My legacy is formed by my values. Generosity, for example, is a core value in my life. I want to be remembered as someone who gives with a generous heart. When I am gone, I want people to say, “he gave.” I also believe that if you really think about it, generosity is important to you as well. No one wants to be remembered as someone who was selfish. We don’t want to look back on our lives and realize that we lived with our fists clenched so tightly on money or possessions that we missed opportunities to bless others. Generosity isn’t an inherent trait for many of us, but it is something that can be cultivated. We can all be givers. [bctt tweet="My legacy is formed by my values." username="dukematlock"] About ten years ago, I started asking everyone in my life–family, friends, colleagues, and even strangers I would meet at restaurants and coffee shops–a question: What do you want people to say about you when you’re gone? The question was always met with surprise. Sometimes people were confused; they quite often asked for clarification. So I would ask again, “When your life is over and you are no longer here, what do you want people to say about you? Who do you want to be? How do you want to be remembered?” Most people would take a minute to think it over and then respond with roles they were hoping to fill. They wanted to be mothers, pastors, good friends, or husbands. But I wasn’t looking for roles they wanted to fill; I was asking about the legacy they were aiming to leave. Once I clarified that, the answers came quickly. They wanted to be hopeful; they wanted to be strong and courageous. Some wanted to be remembered as people who loved fearlessly and led with boldness. The answers were all over the place, but one thing was consistent–they all wanted to leave a powerful legacy. In 21 Irrefutable Laws of Leadership, John Maxwell says, “Leadership is influence; nothing more, nothing less.” As you lead, your values are instilled in those around you. Legacies are formed by passing on your values to those you lead. Your church, family, and community will begin to adopt the things that are the most important to you. We all have a responsibility to teach those entrusted to our care the power of giving. The Generosity Gene is one that we can instill in our own lives and in the lives of those around us, but we have to be intentional. Generosity doesn’t come naturally for many of us; it goes against our most basic human instincts to give freely. But when we understand that we are created in the image of a generous God, it gets a little bit easier. [bctt tweet="Legacies are formed by passing on your values to those you lead." username="dukematlock"] Your life’s work needs the support and participation of generous people. In the new year, we will spend some time learning how to cultivate the Generosity Gene in our relationships, personal lives, and ministries. I believe that God wants to do something new in 2018. Generosity opens the door to new opportunities and immeasurable blessings. Whatever legacy you are hoping to leave, you need to be living out those values today. Let’s cultivate the value of generosity by giving freely today. [bctt tweet="Generosity opens the door to new opportunities and immeasurable blessings." username="dukematlock"]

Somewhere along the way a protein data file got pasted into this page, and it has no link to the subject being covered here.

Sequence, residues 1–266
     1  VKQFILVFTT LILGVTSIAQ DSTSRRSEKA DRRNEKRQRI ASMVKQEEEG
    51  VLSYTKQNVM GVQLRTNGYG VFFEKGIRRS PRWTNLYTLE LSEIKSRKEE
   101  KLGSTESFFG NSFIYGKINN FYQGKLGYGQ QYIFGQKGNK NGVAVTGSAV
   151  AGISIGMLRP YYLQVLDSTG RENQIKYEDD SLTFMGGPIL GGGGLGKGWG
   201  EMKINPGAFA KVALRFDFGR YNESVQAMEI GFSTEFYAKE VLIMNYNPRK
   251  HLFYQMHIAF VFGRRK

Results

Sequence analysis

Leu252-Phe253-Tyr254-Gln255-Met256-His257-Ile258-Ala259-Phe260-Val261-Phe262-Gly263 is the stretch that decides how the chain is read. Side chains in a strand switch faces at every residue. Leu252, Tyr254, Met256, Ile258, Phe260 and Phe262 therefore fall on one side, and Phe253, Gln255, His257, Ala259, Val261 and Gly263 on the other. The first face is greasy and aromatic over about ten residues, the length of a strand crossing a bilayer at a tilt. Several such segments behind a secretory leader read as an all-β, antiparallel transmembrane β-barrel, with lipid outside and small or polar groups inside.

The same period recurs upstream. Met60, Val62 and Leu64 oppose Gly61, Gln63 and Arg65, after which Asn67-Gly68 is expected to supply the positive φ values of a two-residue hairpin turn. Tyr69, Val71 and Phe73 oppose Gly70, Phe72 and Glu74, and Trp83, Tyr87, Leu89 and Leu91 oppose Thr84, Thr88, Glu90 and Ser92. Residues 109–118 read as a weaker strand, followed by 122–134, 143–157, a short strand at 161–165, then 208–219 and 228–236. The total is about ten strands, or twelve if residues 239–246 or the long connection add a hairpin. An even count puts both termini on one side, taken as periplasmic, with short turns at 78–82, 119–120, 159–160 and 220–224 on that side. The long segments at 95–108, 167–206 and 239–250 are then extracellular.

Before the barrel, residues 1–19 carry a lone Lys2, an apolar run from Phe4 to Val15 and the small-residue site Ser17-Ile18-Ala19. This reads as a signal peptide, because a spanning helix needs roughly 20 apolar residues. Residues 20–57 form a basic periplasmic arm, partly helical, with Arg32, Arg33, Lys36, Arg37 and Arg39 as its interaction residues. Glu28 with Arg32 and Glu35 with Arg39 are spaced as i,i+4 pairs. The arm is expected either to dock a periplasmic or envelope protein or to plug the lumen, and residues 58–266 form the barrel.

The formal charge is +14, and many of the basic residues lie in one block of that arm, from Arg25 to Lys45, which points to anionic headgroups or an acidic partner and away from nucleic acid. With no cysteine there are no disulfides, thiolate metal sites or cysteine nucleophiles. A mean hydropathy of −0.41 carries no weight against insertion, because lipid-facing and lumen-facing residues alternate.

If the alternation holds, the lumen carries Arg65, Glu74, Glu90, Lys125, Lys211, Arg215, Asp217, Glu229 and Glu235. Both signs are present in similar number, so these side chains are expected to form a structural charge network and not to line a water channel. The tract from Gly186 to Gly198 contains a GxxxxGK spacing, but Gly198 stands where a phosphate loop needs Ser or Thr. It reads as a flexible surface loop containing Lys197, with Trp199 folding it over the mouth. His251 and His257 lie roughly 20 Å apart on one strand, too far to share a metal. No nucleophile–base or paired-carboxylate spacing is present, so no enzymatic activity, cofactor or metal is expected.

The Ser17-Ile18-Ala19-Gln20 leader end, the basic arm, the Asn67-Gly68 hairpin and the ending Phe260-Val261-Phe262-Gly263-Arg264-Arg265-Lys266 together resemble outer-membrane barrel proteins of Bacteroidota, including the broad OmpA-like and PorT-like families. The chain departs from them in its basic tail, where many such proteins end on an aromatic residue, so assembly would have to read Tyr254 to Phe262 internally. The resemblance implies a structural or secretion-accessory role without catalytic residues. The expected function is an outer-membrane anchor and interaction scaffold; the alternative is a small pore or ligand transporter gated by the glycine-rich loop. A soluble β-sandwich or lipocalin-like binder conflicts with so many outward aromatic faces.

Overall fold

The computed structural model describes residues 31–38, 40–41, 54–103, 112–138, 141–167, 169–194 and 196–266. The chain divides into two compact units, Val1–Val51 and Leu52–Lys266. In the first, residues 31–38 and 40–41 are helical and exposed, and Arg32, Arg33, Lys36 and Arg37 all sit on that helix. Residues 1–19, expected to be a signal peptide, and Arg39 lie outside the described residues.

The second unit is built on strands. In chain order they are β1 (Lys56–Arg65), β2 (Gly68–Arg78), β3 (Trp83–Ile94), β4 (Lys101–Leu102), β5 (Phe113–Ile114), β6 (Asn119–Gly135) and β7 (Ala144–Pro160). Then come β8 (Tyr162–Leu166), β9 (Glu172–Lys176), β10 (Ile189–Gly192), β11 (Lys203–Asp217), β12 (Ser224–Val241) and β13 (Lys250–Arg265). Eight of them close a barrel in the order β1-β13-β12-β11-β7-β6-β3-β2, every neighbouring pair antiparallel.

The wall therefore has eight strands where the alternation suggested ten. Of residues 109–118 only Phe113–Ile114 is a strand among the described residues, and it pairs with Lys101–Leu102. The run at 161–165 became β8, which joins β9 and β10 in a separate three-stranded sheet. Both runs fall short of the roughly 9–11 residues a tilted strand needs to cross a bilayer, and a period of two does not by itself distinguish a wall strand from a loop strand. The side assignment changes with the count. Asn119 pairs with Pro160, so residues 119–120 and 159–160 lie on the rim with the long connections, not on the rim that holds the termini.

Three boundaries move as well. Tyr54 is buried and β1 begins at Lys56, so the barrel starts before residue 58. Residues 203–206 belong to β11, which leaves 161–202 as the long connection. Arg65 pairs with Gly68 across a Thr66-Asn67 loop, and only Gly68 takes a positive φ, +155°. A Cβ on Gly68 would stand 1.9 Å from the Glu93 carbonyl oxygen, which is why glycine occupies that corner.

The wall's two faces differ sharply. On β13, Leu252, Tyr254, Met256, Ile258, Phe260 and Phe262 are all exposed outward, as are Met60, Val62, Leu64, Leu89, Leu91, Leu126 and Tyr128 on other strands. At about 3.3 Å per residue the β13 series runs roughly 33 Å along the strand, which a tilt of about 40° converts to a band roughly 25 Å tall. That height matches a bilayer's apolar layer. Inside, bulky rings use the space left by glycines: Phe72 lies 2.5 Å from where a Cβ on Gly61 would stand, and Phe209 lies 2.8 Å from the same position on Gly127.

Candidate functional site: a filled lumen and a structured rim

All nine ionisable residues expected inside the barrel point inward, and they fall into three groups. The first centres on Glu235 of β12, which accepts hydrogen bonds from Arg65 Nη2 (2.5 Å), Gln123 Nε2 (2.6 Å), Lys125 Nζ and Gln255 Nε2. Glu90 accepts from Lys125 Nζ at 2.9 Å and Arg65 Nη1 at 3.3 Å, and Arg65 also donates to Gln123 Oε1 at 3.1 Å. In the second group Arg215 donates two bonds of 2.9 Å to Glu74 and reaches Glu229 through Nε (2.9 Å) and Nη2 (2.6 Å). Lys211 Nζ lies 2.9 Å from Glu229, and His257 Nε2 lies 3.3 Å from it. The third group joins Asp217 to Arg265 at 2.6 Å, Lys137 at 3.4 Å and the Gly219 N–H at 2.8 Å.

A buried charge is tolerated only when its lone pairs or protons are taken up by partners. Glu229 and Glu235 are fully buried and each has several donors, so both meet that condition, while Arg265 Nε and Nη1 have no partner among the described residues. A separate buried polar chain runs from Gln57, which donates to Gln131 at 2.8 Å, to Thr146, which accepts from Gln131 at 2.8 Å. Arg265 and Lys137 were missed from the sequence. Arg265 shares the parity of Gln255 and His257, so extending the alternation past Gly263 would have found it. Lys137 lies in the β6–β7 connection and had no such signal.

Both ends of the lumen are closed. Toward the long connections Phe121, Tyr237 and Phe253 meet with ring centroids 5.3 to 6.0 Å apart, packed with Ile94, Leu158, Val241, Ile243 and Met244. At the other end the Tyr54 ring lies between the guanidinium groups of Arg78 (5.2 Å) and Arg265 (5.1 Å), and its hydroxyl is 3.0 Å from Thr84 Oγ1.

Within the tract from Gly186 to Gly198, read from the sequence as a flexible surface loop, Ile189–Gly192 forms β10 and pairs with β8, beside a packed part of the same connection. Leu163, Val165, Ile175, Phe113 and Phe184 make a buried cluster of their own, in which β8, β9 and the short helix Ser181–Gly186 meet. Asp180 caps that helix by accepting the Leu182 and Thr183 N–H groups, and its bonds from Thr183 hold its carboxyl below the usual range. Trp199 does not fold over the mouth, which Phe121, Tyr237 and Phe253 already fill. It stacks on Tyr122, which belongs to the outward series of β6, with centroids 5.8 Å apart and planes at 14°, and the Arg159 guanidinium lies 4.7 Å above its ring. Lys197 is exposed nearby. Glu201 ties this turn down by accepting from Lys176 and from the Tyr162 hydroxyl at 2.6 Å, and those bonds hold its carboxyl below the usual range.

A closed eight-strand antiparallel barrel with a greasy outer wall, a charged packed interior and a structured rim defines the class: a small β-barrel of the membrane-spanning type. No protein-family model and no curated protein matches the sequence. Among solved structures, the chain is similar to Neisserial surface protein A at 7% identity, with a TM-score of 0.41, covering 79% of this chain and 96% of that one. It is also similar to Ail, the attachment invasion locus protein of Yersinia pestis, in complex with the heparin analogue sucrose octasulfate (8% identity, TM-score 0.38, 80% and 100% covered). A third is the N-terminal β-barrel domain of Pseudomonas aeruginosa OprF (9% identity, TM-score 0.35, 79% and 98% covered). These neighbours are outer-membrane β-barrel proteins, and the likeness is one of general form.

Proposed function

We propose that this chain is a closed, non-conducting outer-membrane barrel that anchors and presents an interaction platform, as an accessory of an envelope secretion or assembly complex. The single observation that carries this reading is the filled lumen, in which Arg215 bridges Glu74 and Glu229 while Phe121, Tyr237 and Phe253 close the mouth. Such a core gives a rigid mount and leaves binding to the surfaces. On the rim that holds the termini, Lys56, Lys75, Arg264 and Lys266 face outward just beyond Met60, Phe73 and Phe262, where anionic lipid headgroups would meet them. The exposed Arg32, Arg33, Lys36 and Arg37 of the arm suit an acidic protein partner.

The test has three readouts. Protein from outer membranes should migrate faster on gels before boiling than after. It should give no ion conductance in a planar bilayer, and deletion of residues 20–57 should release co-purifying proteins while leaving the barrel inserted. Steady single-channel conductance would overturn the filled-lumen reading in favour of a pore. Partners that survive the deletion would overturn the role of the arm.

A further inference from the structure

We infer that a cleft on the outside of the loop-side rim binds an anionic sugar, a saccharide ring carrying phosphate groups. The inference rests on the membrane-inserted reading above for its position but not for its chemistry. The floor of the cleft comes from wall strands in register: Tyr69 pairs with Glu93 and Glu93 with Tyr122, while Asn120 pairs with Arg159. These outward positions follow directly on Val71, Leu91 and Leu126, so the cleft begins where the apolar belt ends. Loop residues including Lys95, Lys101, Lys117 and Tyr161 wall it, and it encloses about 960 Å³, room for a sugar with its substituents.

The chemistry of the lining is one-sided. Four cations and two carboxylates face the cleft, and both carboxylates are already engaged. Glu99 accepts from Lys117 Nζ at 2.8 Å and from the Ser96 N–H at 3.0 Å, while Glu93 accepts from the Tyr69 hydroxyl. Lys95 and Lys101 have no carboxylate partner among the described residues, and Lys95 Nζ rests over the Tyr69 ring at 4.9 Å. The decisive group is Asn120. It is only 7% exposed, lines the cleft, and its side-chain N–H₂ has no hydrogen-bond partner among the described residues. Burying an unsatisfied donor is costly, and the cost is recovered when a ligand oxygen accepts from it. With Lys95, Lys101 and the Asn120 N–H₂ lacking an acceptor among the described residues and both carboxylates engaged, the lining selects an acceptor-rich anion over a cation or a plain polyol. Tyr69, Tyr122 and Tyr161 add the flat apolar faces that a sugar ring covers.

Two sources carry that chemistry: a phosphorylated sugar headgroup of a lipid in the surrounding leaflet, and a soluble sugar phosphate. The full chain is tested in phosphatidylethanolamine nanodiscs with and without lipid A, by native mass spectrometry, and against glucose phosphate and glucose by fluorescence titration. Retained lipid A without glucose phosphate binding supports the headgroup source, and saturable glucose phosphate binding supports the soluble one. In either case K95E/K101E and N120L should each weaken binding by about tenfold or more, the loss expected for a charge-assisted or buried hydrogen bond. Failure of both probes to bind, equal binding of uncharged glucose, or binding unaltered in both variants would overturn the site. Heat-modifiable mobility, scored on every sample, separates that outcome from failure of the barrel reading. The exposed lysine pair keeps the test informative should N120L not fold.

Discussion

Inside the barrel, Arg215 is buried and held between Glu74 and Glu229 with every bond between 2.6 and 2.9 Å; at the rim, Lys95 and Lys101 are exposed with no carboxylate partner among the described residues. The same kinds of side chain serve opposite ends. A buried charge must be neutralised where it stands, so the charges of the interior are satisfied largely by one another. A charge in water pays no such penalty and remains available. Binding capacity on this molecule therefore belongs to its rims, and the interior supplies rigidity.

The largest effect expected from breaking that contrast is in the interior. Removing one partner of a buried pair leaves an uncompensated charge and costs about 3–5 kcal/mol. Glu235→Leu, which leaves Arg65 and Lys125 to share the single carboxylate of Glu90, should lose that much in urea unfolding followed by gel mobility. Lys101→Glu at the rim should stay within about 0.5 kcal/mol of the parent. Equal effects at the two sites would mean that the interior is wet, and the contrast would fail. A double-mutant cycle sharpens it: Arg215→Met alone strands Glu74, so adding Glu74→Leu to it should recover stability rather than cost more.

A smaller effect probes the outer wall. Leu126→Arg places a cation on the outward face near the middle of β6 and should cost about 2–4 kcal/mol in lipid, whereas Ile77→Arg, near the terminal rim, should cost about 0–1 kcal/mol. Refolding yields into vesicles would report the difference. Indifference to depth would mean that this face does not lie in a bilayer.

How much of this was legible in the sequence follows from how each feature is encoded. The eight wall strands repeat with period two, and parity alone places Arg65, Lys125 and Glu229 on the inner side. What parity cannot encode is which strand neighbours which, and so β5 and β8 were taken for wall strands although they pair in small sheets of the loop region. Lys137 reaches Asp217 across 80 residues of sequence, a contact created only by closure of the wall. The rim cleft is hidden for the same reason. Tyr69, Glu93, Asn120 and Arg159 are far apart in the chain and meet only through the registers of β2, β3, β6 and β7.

Sign up to receive my posts via email and get a FREE copy of The Five Enemies of Growth

[activecampaign form=3]]]>

Share This